Winners announced in Astronomy’s 2010 photo contest

These imagers stood above the rest and took home honors as Best in Class.
By | Published: December 9, 2010 | Last updated on May 18, 2023
Total solar eclipse
GRAND PRIZE WINNER: Total solar eclipse (3-inch Pentax 75 SDHF apochromatic astrograph, Canon EOS 50D DSLR, exposure times varied from 1/125-second to 2 seconds, at ISO 100 and ISO 200, 53 of 82 images taken during totality were used, taken July 11, 2010, between 18h41m38s UT and 18h44m36s UT, at Hao Atoll in French Polynesia)
Thomas Bader

The results are in. Four individuals from four countries took home the prizes in Astronomy magazine’s 2010 Astroimaging Contest. Astronomy editors chose the winning images.

The overall winner is Thomas Bader of Rheinfelden, Germany. His image from Hao Island in French Polynesia of the eclipsed Sun taken during the July 11, 2010, total solar eclipse shows incredible detail, both in the Sun’s corona (outer atmosphere) and on the Moon’s surface, where features shining from light reflected off Earth are easily visible during totality. For his image, Bader wins a Celestron CPC 1100 GPS XLT 11-inch Schmidt-Cassegrain telescope.

The Milky Way
GENERAL CATEGORY WINNER: The Milky Way (Canon EOS 5D DSLR, 24mm lens at f/1.4, ISO 1600, nine images form this 3×3 matrix, the top six images are 30-second exposures, the bottom three are 60-second exposures)
Tunç Tezel

The winner in the General category is Tunç Tezel of Bursa, Turkey. His image of the southern Milky Way from Mangaia, one of the Cook Islands in the South Pacific, shows the closest star system to Earth, Alpha Centauri, the Southern Cross, the Magellanic Clouds (two of our galaxy’s satellites), and thousands upon thousands of other stars. Tezel wins a DMK 21AU04.DS CCD camera courtesy of Imaging Source.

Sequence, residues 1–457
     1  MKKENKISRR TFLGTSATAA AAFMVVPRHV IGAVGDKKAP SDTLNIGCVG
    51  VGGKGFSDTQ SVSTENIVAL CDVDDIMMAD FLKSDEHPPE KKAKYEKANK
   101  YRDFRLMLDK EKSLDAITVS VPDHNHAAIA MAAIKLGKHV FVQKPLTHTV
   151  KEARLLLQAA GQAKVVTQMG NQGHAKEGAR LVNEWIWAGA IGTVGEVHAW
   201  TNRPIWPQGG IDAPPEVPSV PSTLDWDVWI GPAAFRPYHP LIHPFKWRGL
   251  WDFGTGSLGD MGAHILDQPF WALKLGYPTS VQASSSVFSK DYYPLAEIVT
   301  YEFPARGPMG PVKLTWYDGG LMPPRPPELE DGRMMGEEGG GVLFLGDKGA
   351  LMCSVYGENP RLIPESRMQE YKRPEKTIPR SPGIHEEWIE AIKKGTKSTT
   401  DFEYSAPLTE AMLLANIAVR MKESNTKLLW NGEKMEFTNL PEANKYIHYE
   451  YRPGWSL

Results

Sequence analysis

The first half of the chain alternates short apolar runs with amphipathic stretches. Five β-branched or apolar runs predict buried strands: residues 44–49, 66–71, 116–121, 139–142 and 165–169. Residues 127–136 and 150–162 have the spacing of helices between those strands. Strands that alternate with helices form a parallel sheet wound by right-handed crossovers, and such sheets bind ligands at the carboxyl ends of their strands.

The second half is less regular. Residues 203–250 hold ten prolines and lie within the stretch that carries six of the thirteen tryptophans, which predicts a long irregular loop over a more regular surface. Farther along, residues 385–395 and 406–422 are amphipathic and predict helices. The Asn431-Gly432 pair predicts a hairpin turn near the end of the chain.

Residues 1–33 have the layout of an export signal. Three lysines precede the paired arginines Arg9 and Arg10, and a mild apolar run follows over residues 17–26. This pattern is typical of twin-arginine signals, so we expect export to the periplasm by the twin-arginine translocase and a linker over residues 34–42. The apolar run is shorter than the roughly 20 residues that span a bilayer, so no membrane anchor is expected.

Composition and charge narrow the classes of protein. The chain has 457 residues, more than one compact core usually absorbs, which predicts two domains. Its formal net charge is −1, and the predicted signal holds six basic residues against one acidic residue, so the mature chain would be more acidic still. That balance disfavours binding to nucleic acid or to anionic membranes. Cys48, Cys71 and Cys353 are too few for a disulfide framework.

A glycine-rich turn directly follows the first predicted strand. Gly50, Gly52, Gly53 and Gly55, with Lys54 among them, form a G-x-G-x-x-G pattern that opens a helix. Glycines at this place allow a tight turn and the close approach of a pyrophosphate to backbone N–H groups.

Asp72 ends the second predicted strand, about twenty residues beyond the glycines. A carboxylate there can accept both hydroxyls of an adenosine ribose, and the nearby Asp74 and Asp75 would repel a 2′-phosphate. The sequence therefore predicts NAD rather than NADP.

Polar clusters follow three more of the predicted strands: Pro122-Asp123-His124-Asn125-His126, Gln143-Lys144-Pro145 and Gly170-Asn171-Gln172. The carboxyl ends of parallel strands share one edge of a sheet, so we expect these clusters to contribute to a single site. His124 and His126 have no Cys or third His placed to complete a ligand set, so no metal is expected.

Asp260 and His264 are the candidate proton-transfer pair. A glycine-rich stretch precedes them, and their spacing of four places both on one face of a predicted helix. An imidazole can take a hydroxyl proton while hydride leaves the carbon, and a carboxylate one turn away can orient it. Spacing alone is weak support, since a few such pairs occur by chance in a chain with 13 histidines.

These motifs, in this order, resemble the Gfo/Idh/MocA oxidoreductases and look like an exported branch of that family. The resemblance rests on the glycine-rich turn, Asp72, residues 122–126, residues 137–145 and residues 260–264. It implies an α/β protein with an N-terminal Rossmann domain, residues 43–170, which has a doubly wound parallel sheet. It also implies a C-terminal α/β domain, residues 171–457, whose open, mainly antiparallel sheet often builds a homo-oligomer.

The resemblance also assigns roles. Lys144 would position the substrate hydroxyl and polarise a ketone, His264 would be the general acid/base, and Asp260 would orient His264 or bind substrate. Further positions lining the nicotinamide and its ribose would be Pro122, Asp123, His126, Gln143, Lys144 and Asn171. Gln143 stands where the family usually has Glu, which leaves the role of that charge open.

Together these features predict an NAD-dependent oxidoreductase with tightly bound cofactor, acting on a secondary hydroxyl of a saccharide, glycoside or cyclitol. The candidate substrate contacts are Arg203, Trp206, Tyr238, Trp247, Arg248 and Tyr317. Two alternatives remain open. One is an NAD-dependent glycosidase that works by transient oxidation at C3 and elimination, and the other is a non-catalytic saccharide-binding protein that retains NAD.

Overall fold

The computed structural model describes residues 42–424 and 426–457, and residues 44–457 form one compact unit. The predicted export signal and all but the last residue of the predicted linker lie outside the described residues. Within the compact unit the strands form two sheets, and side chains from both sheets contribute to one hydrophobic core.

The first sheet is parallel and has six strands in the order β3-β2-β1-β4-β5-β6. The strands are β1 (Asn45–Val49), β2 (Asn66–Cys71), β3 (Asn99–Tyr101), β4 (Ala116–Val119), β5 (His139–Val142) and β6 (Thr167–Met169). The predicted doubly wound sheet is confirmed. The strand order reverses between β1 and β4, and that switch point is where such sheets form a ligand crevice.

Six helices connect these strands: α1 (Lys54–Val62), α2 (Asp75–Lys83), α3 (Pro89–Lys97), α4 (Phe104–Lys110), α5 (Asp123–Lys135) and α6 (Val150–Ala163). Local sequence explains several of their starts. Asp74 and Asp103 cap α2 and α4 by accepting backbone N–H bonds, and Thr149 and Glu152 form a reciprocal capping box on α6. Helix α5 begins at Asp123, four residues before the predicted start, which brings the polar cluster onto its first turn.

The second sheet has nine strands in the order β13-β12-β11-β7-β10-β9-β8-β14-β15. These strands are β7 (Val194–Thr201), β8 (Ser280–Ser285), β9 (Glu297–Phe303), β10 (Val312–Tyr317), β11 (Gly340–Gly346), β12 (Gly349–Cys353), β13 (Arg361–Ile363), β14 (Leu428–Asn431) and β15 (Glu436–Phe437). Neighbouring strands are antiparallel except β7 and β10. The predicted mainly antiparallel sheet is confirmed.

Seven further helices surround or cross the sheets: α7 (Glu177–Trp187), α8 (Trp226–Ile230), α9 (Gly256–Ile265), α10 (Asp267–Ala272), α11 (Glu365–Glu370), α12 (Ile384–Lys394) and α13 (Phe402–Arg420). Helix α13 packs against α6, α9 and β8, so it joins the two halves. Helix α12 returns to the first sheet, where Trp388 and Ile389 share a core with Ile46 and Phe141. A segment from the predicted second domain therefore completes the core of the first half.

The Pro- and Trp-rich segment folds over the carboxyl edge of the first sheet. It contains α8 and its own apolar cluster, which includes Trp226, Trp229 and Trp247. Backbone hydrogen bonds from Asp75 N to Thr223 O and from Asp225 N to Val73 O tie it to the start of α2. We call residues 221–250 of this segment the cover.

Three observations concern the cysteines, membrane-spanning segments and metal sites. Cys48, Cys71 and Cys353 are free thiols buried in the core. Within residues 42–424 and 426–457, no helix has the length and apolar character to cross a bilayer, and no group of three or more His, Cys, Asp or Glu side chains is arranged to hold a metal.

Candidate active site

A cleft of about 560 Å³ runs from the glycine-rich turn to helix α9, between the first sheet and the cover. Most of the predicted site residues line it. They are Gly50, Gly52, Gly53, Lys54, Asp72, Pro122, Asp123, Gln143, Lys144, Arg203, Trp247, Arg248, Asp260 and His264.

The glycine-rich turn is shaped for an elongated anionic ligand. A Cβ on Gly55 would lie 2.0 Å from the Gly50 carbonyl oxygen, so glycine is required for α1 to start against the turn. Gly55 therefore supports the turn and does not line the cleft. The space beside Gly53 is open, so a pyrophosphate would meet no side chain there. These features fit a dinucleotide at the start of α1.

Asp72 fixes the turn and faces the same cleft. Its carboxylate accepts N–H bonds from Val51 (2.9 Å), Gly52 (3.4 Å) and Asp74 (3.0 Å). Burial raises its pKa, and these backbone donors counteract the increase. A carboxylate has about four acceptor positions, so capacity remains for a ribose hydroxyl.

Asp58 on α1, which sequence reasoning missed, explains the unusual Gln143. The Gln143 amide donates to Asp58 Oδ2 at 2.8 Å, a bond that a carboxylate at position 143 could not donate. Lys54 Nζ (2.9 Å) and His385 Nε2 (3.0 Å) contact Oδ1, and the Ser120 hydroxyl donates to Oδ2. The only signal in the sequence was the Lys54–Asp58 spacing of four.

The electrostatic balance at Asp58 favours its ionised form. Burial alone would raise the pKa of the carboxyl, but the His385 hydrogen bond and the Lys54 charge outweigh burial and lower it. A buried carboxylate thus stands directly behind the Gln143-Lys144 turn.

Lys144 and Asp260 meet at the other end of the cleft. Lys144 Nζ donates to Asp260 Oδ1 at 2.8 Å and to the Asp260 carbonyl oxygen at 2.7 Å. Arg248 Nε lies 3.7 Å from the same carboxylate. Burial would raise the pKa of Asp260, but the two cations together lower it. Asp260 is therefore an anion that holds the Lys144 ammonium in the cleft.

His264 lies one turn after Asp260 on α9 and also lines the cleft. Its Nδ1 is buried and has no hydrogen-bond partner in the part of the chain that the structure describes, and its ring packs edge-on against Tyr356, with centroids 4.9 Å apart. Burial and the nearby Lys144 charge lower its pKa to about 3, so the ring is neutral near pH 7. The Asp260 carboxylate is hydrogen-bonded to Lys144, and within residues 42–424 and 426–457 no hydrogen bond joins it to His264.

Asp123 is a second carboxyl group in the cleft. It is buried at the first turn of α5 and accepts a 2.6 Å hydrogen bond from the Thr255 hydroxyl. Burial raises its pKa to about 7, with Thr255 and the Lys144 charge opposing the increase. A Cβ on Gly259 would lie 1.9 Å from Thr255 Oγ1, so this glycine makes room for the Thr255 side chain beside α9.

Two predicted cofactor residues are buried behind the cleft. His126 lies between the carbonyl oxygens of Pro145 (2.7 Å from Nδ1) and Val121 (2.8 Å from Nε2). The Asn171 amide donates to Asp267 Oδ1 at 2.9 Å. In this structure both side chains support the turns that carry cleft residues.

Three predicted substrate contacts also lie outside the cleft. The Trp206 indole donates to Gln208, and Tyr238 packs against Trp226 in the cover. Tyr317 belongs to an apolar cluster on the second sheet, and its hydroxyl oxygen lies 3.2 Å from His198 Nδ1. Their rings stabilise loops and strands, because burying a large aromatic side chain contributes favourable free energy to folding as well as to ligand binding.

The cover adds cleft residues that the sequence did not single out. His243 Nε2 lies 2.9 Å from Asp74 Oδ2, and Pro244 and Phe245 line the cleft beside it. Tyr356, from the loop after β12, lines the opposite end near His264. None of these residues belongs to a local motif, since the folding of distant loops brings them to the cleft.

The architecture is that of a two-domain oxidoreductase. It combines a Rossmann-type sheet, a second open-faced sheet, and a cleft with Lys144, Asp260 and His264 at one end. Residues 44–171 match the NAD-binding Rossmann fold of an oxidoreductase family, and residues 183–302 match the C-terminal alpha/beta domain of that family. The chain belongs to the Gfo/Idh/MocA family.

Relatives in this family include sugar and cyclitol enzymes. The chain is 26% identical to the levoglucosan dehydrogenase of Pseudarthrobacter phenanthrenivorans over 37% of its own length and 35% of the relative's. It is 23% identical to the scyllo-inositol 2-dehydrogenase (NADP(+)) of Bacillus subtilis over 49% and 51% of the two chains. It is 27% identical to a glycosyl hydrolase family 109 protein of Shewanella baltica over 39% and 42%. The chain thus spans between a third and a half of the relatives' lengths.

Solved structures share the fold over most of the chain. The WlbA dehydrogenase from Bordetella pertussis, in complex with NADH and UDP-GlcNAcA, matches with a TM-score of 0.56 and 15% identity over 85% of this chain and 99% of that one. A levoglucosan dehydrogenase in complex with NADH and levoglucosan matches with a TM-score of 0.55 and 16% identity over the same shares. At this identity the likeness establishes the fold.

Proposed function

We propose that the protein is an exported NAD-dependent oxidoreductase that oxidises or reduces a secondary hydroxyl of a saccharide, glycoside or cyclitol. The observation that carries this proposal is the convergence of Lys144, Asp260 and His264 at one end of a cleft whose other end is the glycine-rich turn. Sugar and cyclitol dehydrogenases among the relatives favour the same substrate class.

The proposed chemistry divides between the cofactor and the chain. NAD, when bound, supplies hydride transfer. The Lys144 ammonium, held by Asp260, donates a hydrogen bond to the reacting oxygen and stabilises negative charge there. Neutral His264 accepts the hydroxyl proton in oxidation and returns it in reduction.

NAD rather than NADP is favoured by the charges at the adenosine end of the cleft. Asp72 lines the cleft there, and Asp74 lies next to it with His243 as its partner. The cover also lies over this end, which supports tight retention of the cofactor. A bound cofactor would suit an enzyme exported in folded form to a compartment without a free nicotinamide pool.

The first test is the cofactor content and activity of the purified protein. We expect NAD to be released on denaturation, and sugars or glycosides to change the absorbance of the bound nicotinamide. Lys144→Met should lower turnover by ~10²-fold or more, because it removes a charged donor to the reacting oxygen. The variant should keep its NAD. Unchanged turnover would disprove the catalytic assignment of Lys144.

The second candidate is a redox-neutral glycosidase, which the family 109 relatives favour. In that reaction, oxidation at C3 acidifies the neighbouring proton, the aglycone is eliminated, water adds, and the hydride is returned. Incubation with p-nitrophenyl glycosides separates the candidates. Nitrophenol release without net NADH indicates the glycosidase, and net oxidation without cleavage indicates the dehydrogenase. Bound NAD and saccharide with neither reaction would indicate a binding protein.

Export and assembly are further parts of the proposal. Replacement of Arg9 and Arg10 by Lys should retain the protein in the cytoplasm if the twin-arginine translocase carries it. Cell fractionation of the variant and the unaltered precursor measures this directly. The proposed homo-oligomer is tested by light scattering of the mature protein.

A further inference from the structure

The Leo Trio
DEEP-SKY WINNER: The Leo Trio (5.6-inch Telescope Engineering Company TEC 140 apochromatic refractor at f/7, Quantum Scientific Imaging QSI-583wsg CCD camera, LRGB image with exposures of 90, 70, 40, and 40 minutes, respectively)
Ruben Kier
In the Deep-sky category, longtime Astronomy magazine contributor Ruben Kier of Orange, Connecticut, bested the competition. His superb image shows three galaxies — M65, M66, and NGC 3628 — collectively called the Leo Trio because of the constellation in which they reside. Kier wins a DMK 41AU02.AS CCD camera from Imaging Source.
Eclipse sequence
SOLAR SYSTEM WINNER: Eclipse sequence (Canon EOS 30D DSLR, Canon EF 16-35mm f/2.8L II lens, set at 16mm, combination of 32 images, most at f/8 and 1/500-second exposure, totality at f/4 and 1-second exposure, taken July 11, 2010, every 5 minutes starting at 7:28:06 local time, at Hao Atoll in French Polynesia)
Li-Chun Chen

Top honors in the Solar System category go to Li-Chun Chen of Taipei, Taiwan. He combined 32 exposures of the July 11, 2010, total solar eclipse from Hao Island in French Polynesia into one dramatic image that documents the event. Chen wins a DMK 31AU03.AS CCD camera contributed by Imaging Source.

Astronomy magazine Photo Editor Michael E. Bakich talked enthusiastically about the participation: “This year’s entries — 77 in all — went way beyond expectations. I received submissions from longtime contributors and also from many people who had never sent the magazine an image before.”

Subscribers have access to galleries containing all official entries in each category. And as a bonus, look for the four winning images in the Reader Gallery section of our April 2011 issue.

2010 Astroimaging Contest galleries
Solar System

Thanks to everyone who set up a telescope, attached a camera, processed their image, and sent it to in. For those of you who missed the contest, or if these pictures inspire you to head out and shoot the sky, you can submit electronic images to readergallery@Astronomy.comAstronomy will consider them for inclusion in the magazine or on this website as one of our Picture of the Day highlights. You also can submit images directly to our Online Reader Gallery.  Happy sky-shooting!